Ask most people what they like about the Big Island of Hawaii, and you'll get responses ranging from enjoying its beaches to exploring its active volcanoes. Astronomy buffs may highlight the world-class observatories on Mauna Kea or the 'Imiloa Astronomy Center in Hilo. In fact, the elevation extremes of the island make it the most environmentally diverse place on earth, sporting all but one of the world's terrestrial climate zones, including desert, tropical, temperate, and even tundra.
From an extraterrestrial perspective, this eco-range also means that Hawaii harbors very good planetary analog environments. The high elevation, dry weather conditions, and lunar regolith-like volcanic deposits make Hawaii an ideal place to practice for missions beyond Earth. That's why it served as a training ground for Apollo astronauts in the 1960s and why the PISCES (Pacific International Space Center for Exploration Systems) program has called Hawaii home since 2007 with successful international field campaigns in 2008 and 2010. Here is a photo showing the alien landscape on the flanks of Mauna Kea near the Saddle Road, where PISCES is located.
I had the honor of being invited to attend the JUSTSAP Symposium on the Big Island recently. The conference was the 20th annual gathering of JUSTSAP (Japan-U.S. Science, Technology and Space Applications Program) in Hawaii. The group was established in 1990 to explore ways U.S. and Japanese scientists, educators, government officials, and business professions can collaborate on international space exploration. It has catalyzed and facilitated numerous aerospace activities between the U.S. and Japan from microgravity research to in situ resource utilization (ISRU) through the PISCES program. They may soon be re-named to PISA (Pacific International Space Alliance) as the bilateral partnership expands to include other countries.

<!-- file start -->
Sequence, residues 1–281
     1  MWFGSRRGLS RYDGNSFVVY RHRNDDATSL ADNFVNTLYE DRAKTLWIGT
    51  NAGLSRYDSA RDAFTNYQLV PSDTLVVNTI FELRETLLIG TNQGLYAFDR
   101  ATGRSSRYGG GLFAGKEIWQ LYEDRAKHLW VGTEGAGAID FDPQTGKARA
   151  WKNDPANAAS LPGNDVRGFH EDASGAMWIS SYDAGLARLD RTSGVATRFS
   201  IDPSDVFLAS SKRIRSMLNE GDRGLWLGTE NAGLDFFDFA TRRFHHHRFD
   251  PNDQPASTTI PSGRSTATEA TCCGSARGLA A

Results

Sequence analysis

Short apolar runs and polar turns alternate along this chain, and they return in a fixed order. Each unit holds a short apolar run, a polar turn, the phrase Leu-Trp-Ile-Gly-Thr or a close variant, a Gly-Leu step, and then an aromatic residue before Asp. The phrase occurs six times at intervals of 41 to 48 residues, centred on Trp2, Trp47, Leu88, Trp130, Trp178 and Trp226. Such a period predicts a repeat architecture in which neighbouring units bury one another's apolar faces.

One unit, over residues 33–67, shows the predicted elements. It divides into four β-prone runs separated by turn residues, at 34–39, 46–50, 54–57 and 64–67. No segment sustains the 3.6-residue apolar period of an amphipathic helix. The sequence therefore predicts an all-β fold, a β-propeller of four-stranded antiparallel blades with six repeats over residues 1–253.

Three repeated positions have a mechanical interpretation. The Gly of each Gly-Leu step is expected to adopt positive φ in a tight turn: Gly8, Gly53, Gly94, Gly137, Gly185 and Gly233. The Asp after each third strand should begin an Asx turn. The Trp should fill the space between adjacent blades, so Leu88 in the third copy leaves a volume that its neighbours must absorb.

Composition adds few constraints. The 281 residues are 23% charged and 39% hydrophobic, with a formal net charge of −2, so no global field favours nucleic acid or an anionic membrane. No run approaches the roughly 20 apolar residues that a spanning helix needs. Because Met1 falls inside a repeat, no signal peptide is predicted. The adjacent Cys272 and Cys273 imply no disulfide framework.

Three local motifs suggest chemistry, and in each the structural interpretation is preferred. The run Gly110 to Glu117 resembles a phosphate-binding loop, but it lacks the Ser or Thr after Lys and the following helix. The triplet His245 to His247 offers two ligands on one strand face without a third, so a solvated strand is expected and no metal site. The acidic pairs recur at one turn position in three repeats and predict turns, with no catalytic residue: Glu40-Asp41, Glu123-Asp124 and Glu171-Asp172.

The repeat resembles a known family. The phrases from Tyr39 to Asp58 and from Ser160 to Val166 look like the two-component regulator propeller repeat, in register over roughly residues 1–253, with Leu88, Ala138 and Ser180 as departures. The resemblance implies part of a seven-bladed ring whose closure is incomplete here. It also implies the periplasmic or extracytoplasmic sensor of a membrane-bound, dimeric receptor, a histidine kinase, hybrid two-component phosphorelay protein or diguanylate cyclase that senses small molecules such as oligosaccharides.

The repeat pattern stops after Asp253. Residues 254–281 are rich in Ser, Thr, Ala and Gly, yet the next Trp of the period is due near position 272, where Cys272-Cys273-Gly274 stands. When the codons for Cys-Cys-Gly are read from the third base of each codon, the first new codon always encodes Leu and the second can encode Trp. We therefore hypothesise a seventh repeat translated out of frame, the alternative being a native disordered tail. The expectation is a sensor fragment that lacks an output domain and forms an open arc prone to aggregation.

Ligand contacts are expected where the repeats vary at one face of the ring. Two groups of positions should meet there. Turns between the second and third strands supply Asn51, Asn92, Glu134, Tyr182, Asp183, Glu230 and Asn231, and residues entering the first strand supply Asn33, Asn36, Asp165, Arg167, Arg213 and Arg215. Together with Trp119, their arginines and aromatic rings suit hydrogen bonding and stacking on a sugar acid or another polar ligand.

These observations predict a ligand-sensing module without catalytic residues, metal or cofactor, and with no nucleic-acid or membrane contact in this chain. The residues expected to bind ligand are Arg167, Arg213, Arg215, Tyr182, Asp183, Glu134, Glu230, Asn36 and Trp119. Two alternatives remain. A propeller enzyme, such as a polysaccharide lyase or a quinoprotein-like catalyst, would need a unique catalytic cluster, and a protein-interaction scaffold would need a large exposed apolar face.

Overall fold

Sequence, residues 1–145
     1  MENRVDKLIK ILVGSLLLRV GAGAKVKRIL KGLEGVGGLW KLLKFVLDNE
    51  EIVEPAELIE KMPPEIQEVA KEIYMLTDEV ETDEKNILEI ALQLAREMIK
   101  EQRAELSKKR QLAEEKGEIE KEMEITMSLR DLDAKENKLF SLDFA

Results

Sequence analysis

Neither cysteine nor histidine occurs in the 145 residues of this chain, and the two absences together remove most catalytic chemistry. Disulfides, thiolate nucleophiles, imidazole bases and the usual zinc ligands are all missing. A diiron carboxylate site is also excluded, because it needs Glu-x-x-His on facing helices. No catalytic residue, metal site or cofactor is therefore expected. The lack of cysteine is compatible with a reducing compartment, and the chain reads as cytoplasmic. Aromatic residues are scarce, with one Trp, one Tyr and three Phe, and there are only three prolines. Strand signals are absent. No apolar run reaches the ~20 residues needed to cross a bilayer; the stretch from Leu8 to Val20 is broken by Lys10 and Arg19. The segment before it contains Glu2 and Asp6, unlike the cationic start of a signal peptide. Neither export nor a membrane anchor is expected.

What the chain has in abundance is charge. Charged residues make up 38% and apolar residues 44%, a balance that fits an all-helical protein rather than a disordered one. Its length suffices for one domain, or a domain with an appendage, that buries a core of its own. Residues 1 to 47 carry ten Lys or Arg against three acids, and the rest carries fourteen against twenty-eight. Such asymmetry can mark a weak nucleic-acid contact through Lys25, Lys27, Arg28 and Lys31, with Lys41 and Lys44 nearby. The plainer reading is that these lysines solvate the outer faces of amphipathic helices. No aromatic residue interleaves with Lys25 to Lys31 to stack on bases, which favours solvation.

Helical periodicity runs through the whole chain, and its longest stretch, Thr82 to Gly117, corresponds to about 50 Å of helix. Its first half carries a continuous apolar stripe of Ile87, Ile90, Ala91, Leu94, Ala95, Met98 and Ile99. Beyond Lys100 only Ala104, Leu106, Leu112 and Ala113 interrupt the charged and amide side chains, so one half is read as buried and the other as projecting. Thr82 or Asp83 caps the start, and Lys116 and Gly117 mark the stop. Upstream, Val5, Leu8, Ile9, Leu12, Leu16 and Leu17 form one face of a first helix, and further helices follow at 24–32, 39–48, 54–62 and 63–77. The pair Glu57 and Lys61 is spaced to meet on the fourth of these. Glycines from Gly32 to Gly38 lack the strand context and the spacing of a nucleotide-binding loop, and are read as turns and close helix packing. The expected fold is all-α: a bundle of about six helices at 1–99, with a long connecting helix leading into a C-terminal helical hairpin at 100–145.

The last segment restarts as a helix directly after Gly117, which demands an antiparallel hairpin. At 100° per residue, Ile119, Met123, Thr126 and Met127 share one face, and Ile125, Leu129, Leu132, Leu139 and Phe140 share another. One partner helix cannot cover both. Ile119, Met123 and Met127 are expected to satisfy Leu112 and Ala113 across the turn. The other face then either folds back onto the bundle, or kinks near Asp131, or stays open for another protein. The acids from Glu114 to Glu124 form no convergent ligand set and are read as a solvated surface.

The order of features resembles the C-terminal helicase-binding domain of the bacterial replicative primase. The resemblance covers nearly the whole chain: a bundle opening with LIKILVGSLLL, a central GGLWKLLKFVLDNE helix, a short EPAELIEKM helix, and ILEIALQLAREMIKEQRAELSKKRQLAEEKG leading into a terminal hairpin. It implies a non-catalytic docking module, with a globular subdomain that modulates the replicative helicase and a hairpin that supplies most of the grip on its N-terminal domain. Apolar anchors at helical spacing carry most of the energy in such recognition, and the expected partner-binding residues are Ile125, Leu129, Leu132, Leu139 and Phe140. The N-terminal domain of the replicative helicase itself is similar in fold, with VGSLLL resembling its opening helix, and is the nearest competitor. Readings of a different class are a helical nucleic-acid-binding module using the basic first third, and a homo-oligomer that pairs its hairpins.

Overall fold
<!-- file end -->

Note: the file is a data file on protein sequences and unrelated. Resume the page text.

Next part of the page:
With the theme "The Next Giant Leap: Building Sustainable Settlements Beyond Low-Earth Orbit", the main topic of discussion at this year's JUSTSAP Symposium was how to establish a permanent human presence on the Moon, with particular emphasis on establishing a multinational research and development park on the Moon. JUSTSAP attendees scoped out a roadmap toward launching a sustainable presence on the Moon by 2020 - beginning with the development of prototype analog site in Hawaii via PISCES facilities, followed by precursor robotic missions to the lunar surface, and, finally, a manned outpost. Project teams formed during the symposium will continue these discussions throughout the coming year. The end goal for 2011 will be to encourage President Obama to officially launch this multinational venture while attending the APEC Summit in Hawaii next fall.
Panel presentations and breakout sessions from renown experts focused on where/when/why/how we might settle the Moon and operational options for lunar habitation. The long term vision is to have a research park on the Moon to make the outpost economically sustainable. Like Silicon Valley, it would be closely tied to one or more universities, and perhaps a branch university could even be on the lunar surface one day. Aspects of terrestrial precursors, robotics, ISRU, education, training, regulation, and commerce were prominent in the discussions.
There was general consensus that lessons learned from the establishment of Intelsat, the International Space Station, Panama Canal, Antarctic Treaty, Law of the Sea, and CERN would all have important ramifications for establishing an international Lunar Authority. This was the topic I found most fascinating. Like port authorities on Earth, a lunar authority would be a quasi-governmental public authority chartered to operate the infrastructure of the lunar settlement. The authority would actually own the land and operate most public infrastructure elements, while tenants would include the companies, universities, and other inhabitants of the research park.